“I think language really matters here,” says Eve Rodsky, author of Fair Play: A Game-Changing Solution for When You Have Too Much to Do (and More Life to Live). “Women don’t drop out of the workforce. They don’t opt out of the workforce. They’re forced out of the workforce. And they’re forced out of the workforce in a couple of ways: by their partners—who are their true glass ceilings—and by their workplaces.”

Rodsky has been studying marriages for over eight years, trying to understand why women end up doing so much more emotional and domestic labor than men and what we can do about it. Her theory (which seems pretty legitimate) is that as a society, we are conditioned not to value women’s time as much as we value men’s. More than that, we are also conditioned to believe that women have an infinite amount of time, while men only have so much. 

“We’re not Albert Einstein,” says Rodsky. “We can’t fuck with the space-time continuum. We only have finite time, but what happens is that we don’t have a choice for how to use that time. We only get 24 hours in a day, and we should be able to have as much choice over how we use that time as our male partners.” 

For many women—and more importantly, for many couples—this is easier said than done. Reimagining a heterosexual marriage free from societal norms or the trappings of how we’ve been raised, socialized, educated, and conditioned is daunting at best. It’s also a hell of a lot of work, which is—and I am saying this loudly so the people in the back can hear—the last thing women need more of right now. 

“We only get 24 hours in a day, and we should be able to have as much choice over how we use that time as our male partners.”

The quickest solution is for husbands and partners to step up, and generously—meaning without compromise, guilt, or interruption—give women some of their time back. This might be tough; men can be fiercely protective of their time—“they guard it with their lives, and society protects their time,” as Rodsky points out. But as she also notes, “flexibility is in the eye of the beholder,” and excuses are just that. If men really want to help their female partners during this critical period (and well after), they need to value their partners’ time as much as they value their own.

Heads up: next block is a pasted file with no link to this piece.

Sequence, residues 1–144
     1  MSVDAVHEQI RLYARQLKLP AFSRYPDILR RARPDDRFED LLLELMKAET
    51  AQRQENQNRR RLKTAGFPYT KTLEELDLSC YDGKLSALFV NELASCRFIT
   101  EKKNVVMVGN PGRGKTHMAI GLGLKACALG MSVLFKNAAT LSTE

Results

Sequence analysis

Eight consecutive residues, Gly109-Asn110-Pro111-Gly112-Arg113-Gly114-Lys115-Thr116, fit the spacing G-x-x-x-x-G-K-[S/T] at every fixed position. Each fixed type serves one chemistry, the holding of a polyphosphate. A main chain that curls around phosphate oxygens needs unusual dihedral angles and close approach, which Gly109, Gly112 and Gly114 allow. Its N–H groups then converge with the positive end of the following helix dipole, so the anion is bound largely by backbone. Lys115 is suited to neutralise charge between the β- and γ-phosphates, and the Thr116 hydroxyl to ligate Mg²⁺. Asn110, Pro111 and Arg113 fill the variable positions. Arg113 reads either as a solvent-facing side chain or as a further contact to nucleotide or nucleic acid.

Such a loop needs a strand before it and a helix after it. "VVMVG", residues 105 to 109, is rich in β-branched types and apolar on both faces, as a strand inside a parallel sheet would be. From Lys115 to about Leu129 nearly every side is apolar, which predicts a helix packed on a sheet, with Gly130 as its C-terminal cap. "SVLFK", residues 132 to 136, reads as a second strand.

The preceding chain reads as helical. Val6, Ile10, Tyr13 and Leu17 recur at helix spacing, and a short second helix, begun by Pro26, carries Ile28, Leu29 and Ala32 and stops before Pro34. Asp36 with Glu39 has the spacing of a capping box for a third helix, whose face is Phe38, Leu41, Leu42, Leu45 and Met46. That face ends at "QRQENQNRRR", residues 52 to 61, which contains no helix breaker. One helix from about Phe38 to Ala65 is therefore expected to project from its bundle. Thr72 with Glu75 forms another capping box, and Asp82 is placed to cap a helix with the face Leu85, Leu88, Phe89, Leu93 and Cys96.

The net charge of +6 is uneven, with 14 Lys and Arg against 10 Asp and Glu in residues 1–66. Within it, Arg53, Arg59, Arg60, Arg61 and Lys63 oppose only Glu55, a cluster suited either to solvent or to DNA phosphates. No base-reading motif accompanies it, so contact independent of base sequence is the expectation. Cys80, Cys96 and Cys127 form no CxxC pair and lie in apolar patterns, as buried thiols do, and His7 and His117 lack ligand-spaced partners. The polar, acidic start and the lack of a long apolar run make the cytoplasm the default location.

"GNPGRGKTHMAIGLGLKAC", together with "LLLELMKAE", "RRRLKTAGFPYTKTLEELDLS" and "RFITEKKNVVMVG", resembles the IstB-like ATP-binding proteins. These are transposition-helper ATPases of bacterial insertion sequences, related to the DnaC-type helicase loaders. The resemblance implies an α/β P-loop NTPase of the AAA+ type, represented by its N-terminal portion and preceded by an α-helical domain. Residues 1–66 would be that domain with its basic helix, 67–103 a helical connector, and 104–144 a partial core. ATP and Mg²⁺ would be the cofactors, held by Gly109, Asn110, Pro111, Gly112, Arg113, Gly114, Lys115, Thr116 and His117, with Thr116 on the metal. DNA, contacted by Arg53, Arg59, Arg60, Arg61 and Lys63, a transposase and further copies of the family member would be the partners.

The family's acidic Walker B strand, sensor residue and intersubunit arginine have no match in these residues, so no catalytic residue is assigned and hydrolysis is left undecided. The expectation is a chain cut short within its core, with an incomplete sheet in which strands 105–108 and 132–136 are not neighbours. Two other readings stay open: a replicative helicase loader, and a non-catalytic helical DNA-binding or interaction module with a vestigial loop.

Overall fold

It’s also necessary that both individuals in the relationship stop equating income with importance. Just because one partner makes more money (in the U.S., it is still typically the man) does not necessarily mean he has less time or flexibility, or—most crucially—that the work he does is more valuable. What it does mean is that he has to find ways, and time, to be more efficient. And no, women aren’t more efficient or better multitaskers than men; we’ve likely just been told that they are so they’ll do more and so men can expect more of them. “Women do $10.9 trillion worth of unpaid labor,” says Rodsky. “So these fallacies, these arguments around ‘my job being more flexible,’ ‘my husband makes more money than I do,’ ‘I’m wired differently for care,’ ‘I’m a better multitasker,’ or my favorite, ‘in the time it takes me to tell him what to do, I should just do it myself,’ which is a classic time value failure argument—they have all been made by design. It hasn’t been an accident.”

Some men, of course, have prioritized finding a way to make emotional and domestic labor more equal. For Justin, M.M.’s Chief Digital Officer, respecting the work his wife does, as well as her time, means collaborating on a schedule that gives each of them a hard stop. “We try to split up everything pretty evenly,” says Justin. “I feed the kids breakfast and put them into bed at night” (his wife is with the kids during office hours). “So at least I kind of bookend the day, and she has a start and stop to managing the kids. If anything, the pandemic has made this more important, because it doubles the emotional burden of every decision that’s made.”